BIG SCREEN: Micro-blog posts on t.sina.com, China's largest micro-blogging site, are shown on the world's largest LED screen in Beijing's The Place shopping center on December 25, 2010, as part of a Christmas celebration (IC)
On the evening of December 23, a post on the micro-blog of Hunan Communications Radio caught the attention of netizens. A pregnant woman in Hunan Province, Xie Langui, suffered from a hemorrhage while giving birth and was in great need of blood platelets.
Xie's blood type, RH-negative, type AB blood, is very rare and regarded as "panda blood." The Hunan Women and Children's Hospital, where Xie stayed, had stocks of the blood but no blood platelets, which need to be processed with the fresh blood and can only be kept for three days.
At 9 p.m. the hospital called Hunan Communications Radio for help, the station put this information on its micro-blog. The post was immediately forwarded through tens of thousands of bloggers and within two hours, five people with "panda blood" contacted the radio station willing to donate blood platelets. At 2 a.m. on December 24, there were altogether eight people with "panda blood" at the hospital while the hospital needed three at most. Xie's life was saved.
"We could never imagine this happening so fast," said a doctor surnamed Zhou from the hospital. "Only one out of several thousands has this rare blood type. In the past, it was almost hopeless to find even one in such a short time."
This is not the first case of micro-blogs coming to the rescue in a medical emergency. In March 2010, a 93-year-old woman with "panda blood" in Sichuan People's Hospital also needed an emergency blood transfusion. A young woman staying in the same ward wrote a post on her micro-blog asking for help and got 3,000 responses within half a day. A lady of the same blood type flew from neighboring Yunnan Province to Sichuan for the transfusion. Finally five people showed up at the hospital on the same day and the woman survived.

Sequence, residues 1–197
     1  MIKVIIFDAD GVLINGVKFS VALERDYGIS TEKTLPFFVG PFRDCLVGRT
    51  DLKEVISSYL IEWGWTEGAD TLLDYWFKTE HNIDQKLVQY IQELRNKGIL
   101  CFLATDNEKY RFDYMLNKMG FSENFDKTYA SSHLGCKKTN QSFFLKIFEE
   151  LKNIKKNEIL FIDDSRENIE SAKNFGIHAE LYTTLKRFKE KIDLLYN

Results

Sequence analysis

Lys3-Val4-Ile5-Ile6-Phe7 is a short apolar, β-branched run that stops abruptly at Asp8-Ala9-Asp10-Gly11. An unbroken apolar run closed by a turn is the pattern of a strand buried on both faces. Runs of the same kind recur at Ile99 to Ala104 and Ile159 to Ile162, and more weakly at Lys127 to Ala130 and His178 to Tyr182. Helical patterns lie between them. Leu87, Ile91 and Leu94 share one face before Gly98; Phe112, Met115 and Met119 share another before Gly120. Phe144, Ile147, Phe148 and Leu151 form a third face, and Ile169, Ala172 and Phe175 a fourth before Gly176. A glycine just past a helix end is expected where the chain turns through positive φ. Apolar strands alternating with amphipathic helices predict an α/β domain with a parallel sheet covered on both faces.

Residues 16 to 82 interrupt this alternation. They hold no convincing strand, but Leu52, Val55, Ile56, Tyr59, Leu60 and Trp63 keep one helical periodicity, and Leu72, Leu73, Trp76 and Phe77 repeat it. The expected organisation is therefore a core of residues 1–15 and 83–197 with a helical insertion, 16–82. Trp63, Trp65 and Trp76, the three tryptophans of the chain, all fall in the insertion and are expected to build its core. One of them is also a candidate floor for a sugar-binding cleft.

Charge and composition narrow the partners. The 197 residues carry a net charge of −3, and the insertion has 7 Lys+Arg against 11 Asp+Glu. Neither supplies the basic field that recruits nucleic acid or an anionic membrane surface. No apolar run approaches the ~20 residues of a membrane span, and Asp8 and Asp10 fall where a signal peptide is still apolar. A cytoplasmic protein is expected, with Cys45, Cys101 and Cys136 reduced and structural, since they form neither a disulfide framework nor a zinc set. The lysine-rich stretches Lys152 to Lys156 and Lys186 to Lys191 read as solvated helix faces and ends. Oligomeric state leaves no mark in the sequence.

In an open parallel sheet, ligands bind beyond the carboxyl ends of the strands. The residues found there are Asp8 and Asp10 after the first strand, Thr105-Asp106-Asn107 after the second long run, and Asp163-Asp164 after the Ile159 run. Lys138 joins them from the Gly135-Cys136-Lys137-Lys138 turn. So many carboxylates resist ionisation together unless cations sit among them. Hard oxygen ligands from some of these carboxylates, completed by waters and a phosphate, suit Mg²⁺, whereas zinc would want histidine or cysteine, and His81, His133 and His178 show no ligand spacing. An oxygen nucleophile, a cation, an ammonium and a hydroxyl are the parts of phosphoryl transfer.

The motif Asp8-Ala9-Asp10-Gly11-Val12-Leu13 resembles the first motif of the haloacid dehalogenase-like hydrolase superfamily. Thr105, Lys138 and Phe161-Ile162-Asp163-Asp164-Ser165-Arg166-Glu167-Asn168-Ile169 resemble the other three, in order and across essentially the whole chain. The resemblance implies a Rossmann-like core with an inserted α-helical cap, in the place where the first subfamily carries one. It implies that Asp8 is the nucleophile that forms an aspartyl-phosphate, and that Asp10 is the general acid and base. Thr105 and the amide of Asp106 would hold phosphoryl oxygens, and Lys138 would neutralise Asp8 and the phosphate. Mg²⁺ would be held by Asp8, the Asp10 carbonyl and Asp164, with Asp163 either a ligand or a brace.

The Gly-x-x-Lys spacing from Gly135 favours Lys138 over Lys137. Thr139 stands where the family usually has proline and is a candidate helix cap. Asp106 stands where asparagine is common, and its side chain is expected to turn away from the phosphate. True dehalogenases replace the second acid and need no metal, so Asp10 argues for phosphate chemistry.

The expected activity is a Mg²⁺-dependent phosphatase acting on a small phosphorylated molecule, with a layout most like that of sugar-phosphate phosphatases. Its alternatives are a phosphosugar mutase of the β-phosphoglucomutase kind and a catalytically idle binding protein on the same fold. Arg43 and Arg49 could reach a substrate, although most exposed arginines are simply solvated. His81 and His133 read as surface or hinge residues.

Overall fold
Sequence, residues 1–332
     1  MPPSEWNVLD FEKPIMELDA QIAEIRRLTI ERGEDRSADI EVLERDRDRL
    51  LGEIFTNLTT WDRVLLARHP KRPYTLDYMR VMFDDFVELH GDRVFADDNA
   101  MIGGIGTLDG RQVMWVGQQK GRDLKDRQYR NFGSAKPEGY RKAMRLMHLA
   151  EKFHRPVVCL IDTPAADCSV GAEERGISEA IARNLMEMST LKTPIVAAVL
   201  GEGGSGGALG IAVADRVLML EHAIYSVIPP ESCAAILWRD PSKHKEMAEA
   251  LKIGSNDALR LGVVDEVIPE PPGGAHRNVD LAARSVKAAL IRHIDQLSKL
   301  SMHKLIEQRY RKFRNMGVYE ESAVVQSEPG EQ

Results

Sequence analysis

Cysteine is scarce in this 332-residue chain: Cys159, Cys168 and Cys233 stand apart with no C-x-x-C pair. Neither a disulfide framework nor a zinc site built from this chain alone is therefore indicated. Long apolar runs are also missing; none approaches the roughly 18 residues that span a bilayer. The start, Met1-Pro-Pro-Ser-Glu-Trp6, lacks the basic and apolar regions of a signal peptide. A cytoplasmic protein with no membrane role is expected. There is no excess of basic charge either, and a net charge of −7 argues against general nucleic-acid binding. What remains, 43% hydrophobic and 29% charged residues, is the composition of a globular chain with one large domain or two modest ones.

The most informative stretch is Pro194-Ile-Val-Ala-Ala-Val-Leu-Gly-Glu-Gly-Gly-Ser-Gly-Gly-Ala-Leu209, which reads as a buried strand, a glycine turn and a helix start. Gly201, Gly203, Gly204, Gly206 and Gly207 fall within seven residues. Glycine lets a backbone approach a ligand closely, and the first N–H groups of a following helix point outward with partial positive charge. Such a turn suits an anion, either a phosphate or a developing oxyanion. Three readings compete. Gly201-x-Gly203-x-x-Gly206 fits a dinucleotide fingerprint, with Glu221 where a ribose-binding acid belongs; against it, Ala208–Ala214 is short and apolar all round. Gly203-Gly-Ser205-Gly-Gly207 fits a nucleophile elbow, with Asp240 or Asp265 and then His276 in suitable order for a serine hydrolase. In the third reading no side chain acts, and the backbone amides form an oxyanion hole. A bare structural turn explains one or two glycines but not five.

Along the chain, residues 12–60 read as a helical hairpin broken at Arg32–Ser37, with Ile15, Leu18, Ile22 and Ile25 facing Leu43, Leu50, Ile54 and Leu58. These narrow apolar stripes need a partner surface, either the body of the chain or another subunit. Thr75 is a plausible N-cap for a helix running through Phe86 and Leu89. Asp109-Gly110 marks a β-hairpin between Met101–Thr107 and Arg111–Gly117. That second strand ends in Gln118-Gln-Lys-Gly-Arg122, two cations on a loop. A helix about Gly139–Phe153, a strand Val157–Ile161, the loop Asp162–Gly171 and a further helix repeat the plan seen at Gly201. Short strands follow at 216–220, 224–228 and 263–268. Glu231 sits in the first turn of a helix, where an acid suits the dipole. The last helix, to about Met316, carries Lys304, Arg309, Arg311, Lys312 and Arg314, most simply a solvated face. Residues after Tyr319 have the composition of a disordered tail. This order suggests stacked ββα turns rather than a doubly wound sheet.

The year 2010, which witnessed an explosion of micro-blogging, is regarded as the inaugural year for China's micro-blogging. According to the 2010 China Micro-blog Annual Report released by Shanghai Jiao Tong University, by October 2010, there had been 13 million micro-blog users in China and micro-blogging has become a new channel for citizens to express their opinions on hot social issues.
The report also says micro-blogging will develop at a fast pace and become a common way for netizens to communicate with each other. Xie Gengyun, a professor at Shanghai Jiao Tong University and lead author of the report, said more netizens are turning to micro-blogs to express their ideas instead of blogs or online forums.
In 2010, among the top 50 hot social issues in China, 11 involved micro-blogs, and this number will probably increase in 2011, the report says.
Actually, micro-blogging is not new in China. In May 2007, China's first micro-blog website Fanfou.com was founded by Wang Xingyu. Fanfou means "have you eaten yet?" It is a common way for Chinese to say "hi." Wang used this word to show micro-blogging was a very casual means of communication.
In the first half of 2009, the number of micro-bloggers on Fanfou.com increased from 300,000 to about 1 million. In June 2009, it got its first commercial advertisement and started to make money. At the same time, celebrities opened micro-blogs on Fanfou.com, which made it more famous.
In the latter half of 2009, major Web portals on the Chinese mainland, such as Sina.com, 163.com, QQ.com and Sohu.com, all offered micro-blogging service and Sina.com soon became the leader with most users.
According to statistics from Sina.com, in July 2010, there were altogether 90 million posts on its micro-blogging site, t.sina.com, and this number increased by 3 million every day, which means each second there were 40 new posts on it. From March to June 2010, the number of micro-blog users in China increased from 153 million to 417 million.
"I think there are two reasons that micro-blogging is so popular," said Cao Zenghui, Executive Marketing Director of t.sina.com. "First is that it is open, which is different from instant messengers such as MSN, and second is that it can broaden social network and make people meet more friends."
Bai Xiaofei, a student from Beijing Language and Culture University, has been a micro-blogger for half a year.
"It is a much freer way to communicate and you can track celebrities and see what they are doing," said Bai. "I can read opinions and news, which is more interesting than textbooks."